By Dian Hasan | July 27, 2009
The hotelier Francis Ford Coppola is generally better known for his films, and for a thriving sideline in Northern California wines. But his foray into the hospitality sector in his beloved Belize can be counted as one of his hits. After winning praise for his rustic, elegant Blancaneaux Lodge, built in 1993, he added to the empire with Turtle Inn, a wonderfully quirky, environmentally friendly beach hotel on an unspoiled patch of rainforested Caribbean coastal paradise.
Guests usually arrive at the remote location on tiny 10-seater planes running from Belize City. Rather than blending into the natural landscape in the popularly favored eco-minimalist style, Turtle Inn’s design is an eclectic visual representation of the owner’s personal travelogue. Indonesian carved sculptures and textiles and Japanese baths accent the inn’s interiors.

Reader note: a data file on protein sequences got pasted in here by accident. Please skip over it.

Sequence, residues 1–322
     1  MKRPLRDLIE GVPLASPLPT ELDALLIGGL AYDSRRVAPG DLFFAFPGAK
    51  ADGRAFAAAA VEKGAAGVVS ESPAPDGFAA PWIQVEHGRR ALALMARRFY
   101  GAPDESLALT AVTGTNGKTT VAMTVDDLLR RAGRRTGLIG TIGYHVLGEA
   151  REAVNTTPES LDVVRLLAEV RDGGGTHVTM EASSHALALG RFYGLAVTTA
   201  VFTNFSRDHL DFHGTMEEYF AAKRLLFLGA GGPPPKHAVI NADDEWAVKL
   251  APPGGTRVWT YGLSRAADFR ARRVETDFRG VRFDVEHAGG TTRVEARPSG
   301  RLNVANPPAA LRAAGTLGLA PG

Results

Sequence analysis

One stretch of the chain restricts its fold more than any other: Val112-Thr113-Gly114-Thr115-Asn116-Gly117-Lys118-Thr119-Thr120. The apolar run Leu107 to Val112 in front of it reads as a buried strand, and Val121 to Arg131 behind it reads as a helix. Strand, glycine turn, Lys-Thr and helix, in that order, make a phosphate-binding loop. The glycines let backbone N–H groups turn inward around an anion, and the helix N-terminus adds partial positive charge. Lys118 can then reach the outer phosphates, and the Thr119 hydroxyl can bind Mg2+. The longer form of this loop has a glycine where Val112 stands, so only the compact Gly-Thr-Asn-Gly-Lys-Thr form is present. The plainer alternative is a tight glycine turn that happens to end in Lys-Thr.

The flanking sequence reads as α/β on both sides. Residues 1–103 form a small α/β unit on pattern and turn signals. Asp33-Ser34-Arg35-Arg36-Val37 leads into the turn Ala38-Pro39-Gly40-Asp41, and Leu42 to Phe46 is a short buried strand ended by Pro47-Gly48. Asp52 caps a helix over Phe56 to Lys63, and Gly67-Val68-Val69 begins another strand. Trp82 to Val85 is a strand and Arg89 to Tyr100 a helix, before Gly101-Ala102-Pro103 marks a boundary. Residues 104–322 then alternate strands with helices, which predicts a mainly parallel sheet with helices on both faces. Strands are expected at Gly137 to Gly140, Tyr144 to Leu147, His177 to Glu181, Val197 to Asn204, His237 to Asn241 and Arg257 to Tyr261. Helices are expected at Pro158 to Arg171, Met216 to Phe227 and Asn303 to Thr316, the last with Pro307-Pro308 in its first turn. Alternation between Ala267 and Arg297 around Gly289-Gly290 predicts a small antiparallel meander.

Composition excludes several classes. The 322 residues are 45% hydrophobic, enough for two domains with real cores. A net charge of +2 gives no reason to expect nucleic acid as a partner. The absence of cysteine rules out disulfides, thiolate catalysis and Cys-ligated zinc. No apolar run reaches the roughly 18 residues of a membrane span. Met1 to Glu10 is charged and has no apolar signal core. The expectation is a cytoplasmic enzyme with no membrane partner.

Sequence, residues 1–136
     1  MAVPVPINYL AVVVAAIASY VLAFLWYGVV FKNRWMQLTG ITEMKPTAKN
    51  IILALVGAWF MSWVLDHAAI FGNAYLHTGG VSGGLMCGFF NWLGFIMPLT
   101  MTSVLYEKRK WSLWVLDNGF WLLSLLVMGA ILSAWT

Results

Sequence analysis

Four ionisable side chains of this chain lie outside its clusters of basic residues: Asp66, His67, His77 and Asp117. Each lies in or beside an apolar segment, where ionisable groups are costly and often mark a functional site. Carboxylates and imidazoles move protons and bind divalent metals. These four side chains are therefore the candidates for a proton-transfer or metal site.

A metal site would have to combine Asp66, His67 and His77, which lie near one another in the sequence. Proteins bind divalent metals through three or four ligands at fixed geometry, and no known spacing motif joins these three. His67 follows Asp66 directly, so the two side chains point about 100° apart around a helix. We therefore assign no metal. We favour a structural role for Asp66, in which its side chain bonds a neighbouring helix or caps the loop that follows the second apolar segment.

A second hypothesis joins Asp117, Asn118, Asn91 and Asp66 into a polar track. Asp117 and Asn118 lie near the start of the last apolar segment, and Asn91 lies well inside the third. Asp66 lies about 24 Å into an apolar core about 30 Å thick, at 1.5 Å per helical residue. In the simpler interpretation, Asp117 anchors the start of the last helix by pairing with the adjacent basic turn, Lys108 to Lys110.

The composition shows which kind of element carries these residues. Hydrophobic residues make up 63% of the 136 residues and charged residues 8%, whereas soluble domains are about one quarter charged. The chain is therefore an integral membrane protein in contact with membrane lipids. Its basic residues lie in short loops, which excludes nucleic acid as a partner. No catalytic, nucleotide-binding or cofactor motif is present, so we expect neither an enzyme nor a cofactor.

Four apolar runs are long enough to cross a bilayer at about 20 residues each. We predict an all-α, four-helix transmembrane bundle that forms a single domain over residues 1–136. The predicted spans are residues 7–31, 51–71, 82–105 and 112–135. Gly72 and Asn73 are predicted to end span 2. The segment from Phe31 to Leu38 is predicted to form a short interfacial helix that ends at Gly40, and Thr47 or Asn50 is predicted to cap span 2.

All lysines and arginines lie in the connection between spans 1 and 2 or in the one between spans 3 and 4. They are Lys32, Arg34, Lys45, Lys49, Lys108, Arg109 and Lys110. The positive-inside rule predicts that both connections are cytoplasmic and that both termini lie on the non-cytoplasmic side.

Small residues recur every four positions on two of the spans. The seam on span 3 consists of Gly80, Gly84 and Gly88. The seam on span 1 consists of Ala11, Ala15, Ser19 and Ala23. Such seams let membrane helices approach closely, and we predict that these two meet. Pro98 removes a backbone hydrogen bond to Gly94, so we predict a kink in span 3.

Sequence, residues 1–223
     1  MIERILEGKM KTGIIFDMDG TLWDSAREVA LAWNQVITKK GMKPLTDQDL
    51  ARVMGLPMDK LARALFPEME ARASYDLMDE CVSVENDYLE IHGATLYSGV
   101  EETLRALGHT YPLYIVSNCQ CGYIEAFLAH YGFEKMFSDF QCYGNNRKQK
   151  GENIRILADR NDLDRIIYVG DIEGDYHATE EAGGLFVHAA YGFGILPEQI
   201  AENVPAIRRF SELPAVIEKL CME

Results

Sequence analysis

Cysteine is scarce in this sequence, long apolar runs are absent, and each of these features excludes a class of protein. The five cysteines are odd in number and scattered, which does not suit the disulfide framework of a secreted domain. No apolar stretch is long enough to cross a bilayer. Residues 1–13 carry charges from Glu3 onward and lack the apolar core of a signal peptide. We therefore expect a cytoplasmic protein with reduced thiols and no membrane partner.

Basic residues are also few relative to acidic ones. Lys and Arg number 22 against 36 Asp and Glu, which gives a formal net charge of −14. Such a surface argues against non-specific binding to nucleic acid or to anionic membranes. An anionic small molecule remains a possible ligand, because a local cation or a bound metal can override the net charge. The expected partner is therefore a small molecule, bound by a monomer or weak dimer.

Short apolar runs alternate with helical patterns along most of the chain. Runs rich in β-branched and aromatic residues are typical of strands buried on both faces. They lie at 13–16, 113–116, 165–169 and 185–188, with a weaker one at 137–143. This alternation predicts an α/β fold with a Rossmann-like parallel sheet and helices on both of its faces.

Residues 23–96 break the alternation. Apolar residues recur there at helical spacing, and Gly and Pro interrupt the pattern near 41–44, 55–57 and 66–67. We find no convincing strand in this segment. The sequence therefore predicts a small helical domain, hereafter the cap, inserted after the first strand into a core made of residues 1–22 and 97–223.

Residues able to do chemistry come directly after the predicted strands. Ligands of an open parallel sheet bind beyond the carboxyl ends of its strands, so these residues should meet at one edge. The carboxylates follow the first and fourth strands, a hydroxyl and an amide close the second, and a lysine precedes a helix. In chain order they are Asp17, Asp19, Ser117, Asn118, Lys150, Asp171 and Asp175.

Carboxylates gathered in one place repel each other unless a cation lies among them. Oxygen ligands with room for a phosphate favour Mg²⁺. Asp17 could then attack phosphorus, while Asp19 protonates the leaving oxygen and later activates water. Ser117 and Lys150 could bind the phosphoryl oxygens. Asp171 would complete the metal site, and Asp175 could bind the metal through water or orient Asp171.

Mr. Coppola’s penchant for Southeast Asian aesthetics extends into the individually furnished Bali-style villas and cottages, which feature unusual details like hand-carved Balinese wooden doors—many of them antiques—and whimsically tiled Japanese bath fixtures. But don’t expect pad thai for dinner: fresh seafood and Italian classics are among the plates du jour at the inn’s casual restaurants.
Boat trips to the nearby Monkey River and scuba excursions to Belize’s own barrier reef are not to be missed. Turtle Inn’s globe-spanning showcase is a feast for the senses, but the peninsula’s natural offerings are worth writing home about too. The sandy white beach at sunset is an ideal spot to soak them up while cracking open a bottle of—yes, you guessed it—Mr. Coppola’s vintage wine.